DVD - 2011 | Korean
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A prisoner on death row and a woman who's drawn to his plight go through their own spring, summer, fall and winter of love. This emotional tour-de-force from the world-renowned Korean auteur will sweep you away with restrained passions painted in seasonal colors. Special features included.
Publisher: [United States] :, Palisades Tartan Video,, 2011.
Edition: Collector's ed Widescreen version.
Branch Call Number: KOR DVD FEATURE BRE
Characteristics: 1 videodisc (84 min.) : sound, color ; 4 3/4 in.
video file,rdaft,
DVD video
Alternative Title: Sum


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Jul 28, 2017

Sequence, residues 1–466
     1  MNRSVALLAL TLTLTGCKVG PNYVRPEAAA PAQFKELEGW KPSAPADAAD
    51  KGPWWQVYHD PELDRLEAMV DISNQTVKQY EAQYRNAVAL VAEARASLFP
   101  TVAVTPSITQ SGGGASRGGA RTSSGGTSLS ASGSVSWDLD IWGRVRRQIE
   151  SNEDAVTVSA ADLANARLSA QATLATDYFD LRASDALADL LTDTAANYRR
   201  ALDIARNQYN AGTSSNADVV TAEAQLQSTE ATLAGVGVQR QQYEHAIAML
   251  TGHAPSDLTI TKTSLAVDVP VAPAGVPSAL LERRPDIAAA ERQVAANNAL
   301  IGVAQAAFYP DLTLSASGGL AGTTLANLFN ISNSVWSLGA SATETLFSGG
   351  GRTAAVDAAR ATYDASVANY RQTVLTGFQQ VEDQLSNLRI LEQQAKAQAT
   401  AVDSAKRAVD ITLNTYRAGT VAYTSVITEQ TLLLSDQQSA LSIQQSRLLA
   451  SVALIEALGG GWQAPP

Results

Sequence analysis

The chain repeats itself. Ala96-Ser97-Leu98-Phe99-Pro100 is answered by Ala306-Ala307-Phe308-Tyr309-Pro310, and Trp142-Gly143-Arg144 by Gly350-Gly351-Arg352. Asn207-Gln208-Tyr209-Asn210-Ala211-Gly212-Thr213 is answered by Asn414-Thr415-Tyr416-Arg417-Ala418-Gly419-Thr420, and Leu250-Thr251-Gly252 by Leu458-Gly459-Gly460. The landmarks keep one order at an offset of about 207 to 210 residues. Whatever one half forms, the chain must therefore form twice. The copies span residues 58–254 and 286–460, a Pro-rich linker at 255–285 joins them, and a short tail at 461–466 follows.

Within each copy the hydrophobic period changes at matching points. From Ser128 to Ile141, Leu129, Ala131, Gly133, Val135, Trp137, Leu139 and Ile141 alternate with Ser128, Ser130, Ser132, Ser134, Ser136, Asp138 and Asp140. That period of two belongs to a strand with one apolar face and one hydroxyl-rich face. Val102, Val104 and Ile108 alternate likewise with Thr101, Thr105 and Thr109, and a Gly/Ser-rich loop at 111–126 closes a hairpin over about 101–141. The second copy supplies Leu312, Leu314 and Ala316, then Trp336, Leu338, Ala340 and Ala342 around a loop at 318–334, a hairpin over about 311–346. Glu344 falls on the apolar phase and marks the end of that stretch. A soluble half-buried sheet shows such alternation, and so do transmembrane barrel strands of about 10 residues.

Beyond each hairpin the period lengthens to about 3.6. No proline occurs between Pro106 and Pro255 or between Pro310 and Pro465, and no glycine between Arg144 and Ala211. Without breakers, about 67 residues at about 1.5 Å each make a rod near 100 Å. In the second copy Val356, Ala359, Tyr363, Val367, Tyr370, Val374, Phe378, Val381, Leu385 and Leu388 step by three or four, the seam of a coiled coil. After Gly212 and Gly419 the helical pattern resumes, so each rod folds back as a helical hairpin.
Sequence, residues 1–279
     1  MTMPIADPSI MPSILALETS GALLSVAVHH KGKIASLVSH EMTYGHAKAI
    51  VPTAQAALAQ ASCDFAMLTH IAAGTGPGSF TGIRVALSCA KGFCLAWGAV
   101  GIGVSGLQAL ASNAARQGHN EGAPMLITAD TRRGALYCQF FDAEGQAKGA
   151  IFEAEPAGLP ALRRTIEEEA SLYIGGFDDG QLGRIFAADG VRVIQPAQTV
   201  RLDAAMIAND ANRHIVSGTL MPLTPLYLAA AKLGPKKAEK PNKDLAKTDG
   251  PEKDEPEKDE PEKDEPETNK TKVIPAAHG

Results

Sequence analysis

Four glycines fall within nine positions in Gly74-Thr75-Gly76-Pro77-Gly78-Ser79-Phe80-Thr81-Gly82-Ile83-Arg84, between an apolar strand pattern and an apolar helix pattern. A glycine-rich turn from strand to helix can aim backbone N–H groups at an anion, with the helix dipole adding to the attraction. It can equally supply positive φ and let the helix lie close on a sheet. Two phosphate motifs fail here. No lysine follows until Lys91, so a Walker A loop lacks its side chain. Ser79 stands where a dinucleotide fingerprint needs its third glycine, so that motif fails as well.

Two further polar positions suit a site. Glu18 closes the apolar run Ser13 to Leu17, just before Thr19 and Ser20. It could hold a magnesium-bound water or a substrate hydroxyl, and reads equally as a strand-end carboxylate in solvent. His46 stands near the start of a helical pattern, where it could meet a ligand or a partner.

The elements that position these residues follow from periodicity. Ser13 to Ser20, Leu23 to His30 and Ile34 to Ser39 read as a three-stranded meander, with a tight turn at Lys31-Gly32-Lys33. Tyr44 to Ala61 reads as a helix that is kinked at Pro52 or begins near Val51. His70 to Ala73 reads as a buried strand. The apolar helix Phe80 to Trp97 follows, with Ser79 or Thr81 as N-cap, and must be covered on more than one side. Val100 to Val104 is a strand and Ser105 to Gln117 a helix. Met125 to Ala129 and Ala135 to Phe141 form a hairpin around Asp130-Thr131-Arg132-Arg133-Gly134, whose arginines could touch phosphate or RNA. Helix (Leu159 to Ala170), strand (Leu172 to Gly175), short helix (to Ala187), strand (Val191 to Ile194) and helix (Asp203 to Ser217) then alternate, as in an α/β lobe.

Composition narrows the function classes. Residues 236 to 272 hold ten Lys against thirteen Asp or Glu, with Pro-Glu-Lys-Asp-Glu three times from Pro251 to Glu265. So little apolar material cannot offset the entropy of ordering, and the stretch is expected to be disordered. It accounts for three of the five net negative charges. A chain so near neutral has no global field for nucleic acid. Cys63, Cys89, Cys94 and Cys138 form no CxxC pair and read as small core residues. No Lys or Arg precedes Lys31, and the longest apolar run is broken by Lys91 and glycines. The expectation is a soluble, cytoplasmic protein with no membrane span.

Notorious quirk master Ki-duk Kim, able to go from the sublime to the ridiculous and back again at the drop of a clapperboard, takes three of arthouse cinema’s most beloved staples—love, sex, and death—and twists them into something highly watchable if not entirely successful. Taken as a love story Kim’s skewed tale of amour fou rings flat and hollow indeed for he doesn’t even try to inject it with anything approaching credibility. But taken as a psychodrama there is enough sexual yin and yang, not to mention gender wars, artistic conceit, and a touch of the divine, to fuel a dozen heated discussions afterwards. And Kim peppers it all with a barrage of cryptic visuals just to pique your inner artiste: the woman's sterile urban apartment contrasts with the inmate's cramped cell where five men huddle beneath makeshift murals of nude women scratched into the concrete walls; the weighty statue of a one-winged angel stares forlornly from behind a television set; a voyeuristic prison warden (tellingly played by Kim himself) watches the doomed lovers through CCTV cameras, alternately encouraging and then frustrating their amorous advances seemingly on a whim. Beautifully shot in the dead of winter (of course) with long brooding takes that cash in on bare branches, blue snowdrifts, and whitewashed prison walls, there is a touch of whimsy amongst all the melancholy despite a patently downbeat ending. A tragic love poem firmly rooted in unreality that still succeeds in addressing issues of yearning, disconnectedness, and a sad kind of redemption.


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